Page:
There are also people who believe that the Tiyanak is the offspring of a human woman and a demon, possibly one that is related to the Incubus. Other legends say that this creature is created when a pregnant woman dies before giving birth. When the unfortunate woman is buried, the baby undergoes a transformation into an undead creature in the womb and then emerges from the grave to feed on humans. Thus, the Tiyanak is "born in the ground," neither living nor dead, but undead. It is interesting to note that a similar creature may be found in Malay folklore: the Pontianak, a vampiric ghost that preys upon men. This undead monster was once a woman who died before she was able to give birth. Although they are from different cultures, the Pontianak could be said to be the mother of the Tiyanak. Be aware that this is only speculation, and should not be taken at face value.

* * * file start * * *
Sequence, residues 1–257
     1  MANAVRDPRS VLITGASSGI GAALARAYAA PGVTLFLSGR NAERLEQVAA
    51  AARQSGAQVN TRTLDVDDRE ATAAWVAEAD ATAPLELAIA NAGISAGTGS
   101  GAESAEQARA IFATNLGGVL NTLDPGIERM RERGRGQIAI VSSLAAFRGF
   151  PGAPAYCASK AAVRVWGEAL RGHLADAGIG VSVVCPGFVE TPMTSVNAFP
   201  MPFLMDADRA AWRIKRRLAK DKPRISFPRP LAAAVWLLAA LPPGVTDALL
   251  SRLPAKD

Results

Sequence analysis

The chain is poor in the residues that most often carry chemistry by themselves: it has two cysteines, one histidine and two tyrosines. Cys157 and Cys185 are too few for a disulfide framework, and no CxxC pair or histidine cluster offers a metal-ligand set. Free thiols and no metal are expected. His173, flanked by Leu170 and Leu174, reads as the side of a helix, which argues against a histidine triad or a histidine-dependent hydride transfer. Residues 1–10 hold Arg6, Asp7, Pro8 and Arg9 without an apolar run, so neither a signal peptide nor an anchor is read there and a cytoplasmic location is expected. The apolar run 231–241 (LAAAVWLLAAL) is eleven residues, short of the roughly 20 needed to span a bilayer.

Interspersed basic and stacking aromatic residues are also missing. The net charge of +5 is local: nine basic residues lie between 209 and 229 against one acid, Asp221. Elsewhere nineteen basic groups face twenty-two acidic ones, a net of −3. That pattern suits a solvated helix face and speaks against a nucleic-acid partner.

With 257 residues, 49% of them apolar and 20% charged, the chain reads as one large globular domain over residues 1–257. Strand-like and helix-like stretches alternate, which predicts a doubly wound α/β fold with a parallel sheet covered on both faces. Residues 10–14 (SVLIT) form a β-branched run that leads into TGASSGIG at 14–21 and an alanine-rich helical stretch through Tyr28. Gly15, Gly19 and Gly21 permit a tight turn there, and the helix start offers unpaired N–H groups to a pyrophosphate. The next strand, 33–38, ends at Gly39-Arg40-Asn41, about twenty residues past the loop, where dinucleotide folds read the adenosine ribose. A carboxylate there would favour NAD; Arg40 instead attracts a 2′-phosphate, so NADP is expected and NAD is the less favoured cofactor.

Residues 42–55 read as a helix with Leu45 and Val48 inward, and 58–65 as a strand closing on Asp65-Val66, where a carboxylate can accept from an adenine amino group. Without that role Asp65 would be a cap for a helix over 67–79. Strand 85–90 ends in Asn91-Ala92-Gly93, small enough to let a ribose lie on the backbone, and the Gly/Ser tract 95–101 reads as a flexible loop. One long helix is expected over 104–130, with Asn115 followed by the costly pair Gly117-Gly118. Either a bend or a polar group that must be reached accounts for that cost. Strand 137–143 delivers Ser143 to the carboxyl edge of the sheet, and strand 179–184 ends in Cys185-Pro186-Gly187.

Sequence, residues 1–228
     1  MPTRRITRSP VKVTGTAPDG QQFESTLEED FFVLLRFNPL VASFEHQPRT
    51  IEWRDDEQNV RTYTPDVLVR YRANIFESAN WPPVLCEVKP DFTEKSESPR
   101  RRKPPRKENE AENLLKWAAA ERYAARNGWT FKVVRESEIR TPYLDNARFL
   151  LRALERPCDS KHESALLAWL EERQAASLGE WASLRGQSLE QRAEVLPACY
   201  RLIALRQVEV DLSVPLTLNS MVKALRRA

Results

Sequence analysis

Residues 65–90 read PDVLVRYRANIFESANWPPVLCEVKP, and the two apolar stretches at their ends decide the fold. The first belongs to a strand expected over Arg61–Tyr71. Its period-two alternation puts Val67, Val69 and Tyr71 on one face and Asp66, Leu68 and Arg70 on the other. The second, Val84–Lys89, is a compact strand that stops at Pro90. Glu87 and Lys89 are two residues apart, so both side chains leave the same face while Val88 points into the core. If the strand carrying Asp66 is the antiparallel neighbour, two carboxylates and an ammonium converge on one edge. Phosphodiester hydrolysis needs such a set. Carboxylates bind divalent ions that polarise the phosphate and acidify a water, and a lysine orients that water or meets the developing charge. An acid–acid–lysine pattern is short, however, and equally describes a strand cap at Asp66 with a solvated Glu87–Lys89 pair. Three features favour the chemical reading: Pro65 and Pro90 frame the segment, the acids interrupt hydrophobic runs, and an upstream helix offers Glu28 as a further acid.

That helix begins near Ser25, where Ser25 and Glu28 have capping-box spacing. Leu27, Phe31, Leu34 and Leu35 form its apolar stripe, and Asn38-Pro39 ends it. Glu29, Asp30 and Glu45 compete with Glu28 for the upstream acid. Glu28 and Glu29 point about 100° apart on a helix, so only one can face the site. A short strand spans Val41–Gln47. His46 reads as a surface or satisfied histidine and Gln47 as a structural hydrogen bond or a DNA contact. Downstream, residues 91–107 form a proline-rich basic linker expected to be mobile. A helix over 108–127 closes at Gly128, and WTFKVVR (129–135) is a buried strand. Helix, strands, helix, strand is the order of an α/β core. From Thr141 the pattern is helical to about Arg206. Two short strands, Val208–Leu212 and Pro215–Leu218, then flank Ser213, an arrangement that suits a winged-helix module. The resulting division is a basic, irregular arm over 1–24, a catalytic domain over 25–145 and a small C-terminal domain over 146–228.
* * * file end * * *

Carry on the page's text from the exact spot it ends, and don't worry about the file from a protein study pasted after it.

There seems to be some differences in opinion as to what the Tiyanak's true form looks like. Some say that the creature's natural form resembles a baby with claws, fangs, and red eyes. It may also be able to take on the appearance of a specific child. There are others who believe that the Tiyanak has more in common with the dwarves of Filipino folklore, sharing their elemental connection to the earth (although whether or not this connection to the earth grants the demon child any specific powers remains to be seen). In this instance, the Tiyanak appears as a short elderly man with wrinkled skin, a mustache and a long beard, a flat nose, and eyes that are said to be the same size as peseta coins. Oddly enough, the creature's right leg is said to be much shorter than its left one. This handicap forces the Tiyanak to move by leaping, and makes it very difficult for the creature to hunt or to otherwise pursue potential prey. However, the monster is able to compensate for its relative lack of mobility with its eerie ability to mimic the cries of a frightened baby.